So, instead, today it's hats off to some more millinery Past Projects from Junior year!  In the previous Past Project post, I wrote about the first show, Bugsy Malone, that I created headpieces for at Stages Children's Theater.  The next show I had the chance to student costume for there was the Legend of Sleepy Hollow (2013) directed by Dianne Schaumberg.  And, of my responsibilities, the most memorable was creating three headpieces for Mrs. Van Tassel, who actually was played by a former friend, Casey, from Our Lady of Mercy's theater!  In fact, I fondly remember acting on the stage together, as well as backstage, learning how to perform quick changes like a master.

Katrina & Lady Van Tassel
Sleepy Hollow (1999), directed by Tim Burton
(Image via: http://www.pinterest.com/pin/478929741594689887/)

The first hat I came up with for our Mrs. Van Tassel was was the Maroon Church & Party Headpiece, which was made to match two separate costumes.  The hat featured a maroon puffed crown and ruffle, various feather sprays and flowers, and two large black plumes.  Black satin ribbon ties were later added.

The next creation I came up with for Mrs. Van Tassel was the Lavender Wedding Headpiece.  This hat featured a white crown puff, lavender puffs, various feather and flowers, as well as one large ostrich plume.  Gold satin ribbon ties were later added.  

After some late night and last minute sewing, I finished Mrs. Van Tassel's Fancy Mob Cap, just in time for the full dress rehearsal.  The director specifically requested height to the cap, and, after looking at some period examples, this is what I came up with:

Last, but not least, I'll include this hat I made for a friend's birthday!  Jenny's birthday falls right around Easter, so I made a her a proper Easter bonnet.  Constructed in a similar way to those I made for Sleepy Hollow, the hat also served as a perfect gift card holder :) 

Thanks for reading!  'Till next time...

January 16, 2015

All Dolled Up for Bugsy Malone

Anneliese here with your next installment of Past Projects - today, it's a trip back to the Roaring Twenties with some costumes from Bugsy Malone.  As I mentioned before, on my search for some more theater experience during junior year, I came upon the fabulous costume team at Stages, the children's theater at the Auditorium Theater of Rochester.  The first show I student costumed for (and earned my keep) there was Bugsy Malone, directed by Holly Hessel in 2013.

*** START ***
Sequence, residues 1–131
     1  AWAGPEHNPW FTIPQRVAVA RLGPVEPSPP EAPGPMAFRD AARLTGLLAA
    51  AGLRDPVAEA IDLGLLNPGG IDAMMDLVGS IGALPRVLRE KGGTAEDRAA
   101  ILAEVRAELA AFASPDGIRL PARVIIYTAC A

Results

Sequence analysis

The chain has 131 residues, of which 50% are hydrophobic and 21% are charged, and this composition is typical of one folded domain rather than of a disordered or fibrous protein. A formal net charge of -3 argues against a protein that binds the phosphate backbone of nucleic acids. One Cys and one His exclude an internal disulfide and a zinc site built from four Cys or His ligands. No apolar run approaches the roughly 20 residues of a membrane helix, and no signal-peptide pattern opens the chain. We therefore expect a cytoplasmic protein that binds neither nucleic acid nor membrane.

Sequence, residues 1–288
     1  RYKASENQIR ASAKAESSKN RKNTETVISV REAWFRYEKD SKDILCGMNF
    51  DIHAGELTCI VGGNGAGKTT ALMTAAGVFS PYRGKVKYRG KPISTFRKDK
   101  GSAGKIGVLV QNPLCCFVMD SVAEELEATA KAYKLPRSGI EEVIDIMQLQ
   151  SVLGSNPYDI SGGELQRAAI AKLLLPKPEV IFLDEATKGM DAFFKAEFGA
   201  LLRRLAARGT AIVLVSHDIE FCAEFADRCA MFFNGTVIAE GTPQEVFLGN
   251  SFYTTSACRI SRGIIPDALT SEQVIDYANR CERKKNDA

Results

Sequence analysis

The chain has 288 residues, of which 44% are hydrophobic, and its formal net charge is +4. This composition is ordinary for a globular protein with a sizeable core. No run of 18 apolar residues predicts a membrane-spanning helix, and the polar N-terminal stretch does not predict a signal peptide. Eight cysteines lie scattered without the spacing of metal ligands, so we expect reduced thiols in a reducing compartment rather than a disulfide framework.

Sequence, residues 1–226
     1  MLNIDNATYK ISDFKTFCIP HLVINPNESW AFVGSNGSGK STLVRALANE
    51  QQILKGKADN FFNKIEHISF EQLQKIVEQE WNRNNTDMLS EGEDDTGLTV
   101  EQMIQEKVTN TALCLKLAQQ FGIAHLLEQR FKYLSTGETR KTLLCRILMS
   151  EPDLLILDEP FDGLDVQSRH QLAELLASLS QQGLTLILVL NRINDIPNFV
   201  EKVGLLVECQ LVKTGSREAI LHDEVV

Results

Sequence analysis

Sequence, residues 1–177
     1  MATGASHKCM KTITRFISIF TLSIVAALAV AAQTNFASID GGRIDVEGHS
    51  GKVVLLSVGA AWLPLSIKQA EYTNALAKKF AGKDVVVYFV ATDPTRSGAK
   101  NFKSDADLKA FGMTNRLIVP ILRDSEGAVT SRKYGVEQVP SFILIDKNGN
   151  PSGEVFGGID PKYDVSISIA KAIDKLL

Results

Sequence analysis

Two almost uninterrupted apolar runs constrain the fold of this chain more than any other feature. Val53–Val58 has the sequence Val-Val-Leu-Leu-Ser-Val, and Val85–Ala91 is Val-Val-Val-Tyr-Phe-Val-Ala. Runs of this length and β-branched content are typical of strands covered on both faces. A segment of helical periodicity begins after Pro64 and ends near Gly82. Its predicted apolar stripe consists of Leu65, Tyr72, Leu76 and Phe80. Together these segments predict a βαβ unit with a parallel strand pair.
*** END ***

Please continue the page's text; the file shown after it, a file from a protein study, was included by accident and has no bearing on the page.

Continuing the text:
Described in Kids Out and About as a "slapstick musical comedy," the fast-action show, Bugsy Malone, "follows the rivalry between two half-witted street gangs" under the leadership of Fat Sam or Dandy Dan.  The two gangs of "1920s cartoon cutouts" go head-to-head with each other, shooting their "splurge guns" (silly string) and throwing custard pies in this "film noir spoof."  All in all, we had a lot of fun and still found silly string remains months after the curtains closed.

(Image via: facebook)

During the musical, however, I was responsible for anything from repairs and alterations, to making dresses and headpieces, and to assisting during fast changes.  My first task was to construct a polka-dot ruffle dress with a matching hat for promo shots, which became Blousy Brown's signature and main outfit. (Unfortunately, I did not take pictures of the outfit on the actress, so these shots are from a year later...please excuse the wrinkles.)

Next, I was tasked with creating flapper-style headbands for the grand slam girls.  Following the style and silver & black color scheme of the original headband they gave me,  I made five more child-size headpieces.  Eventually, beads were also added to mimic the original. 

The original headband.

Along with various alterations, hemming & taking in, I dressed up the Lena "came home" dress.  I also made her a matching orange bead hat, which was not used for the show (it has, however, been on the stage a couple of times since :)

This teeny-tiny actress was adorable!

After discovering my love of hat embellishing, I moved on to make a fancy black hat for Dandy Dan's girlfriend:

Finally, I made the ostentatious opera singer's headpiece.  My only directions were to "make it obnoxious," and, for the record, it was the director's favorite piece :)

The curtain has indeed fallen on Bugsy Malone!  The set was striked, the costumes put away (or traveling to other shows), but the memories will never be forgotten.  It is always ahead and onto to another show...next up at Stages: The Legend of Sleepy Hollow.  Thanks for reading!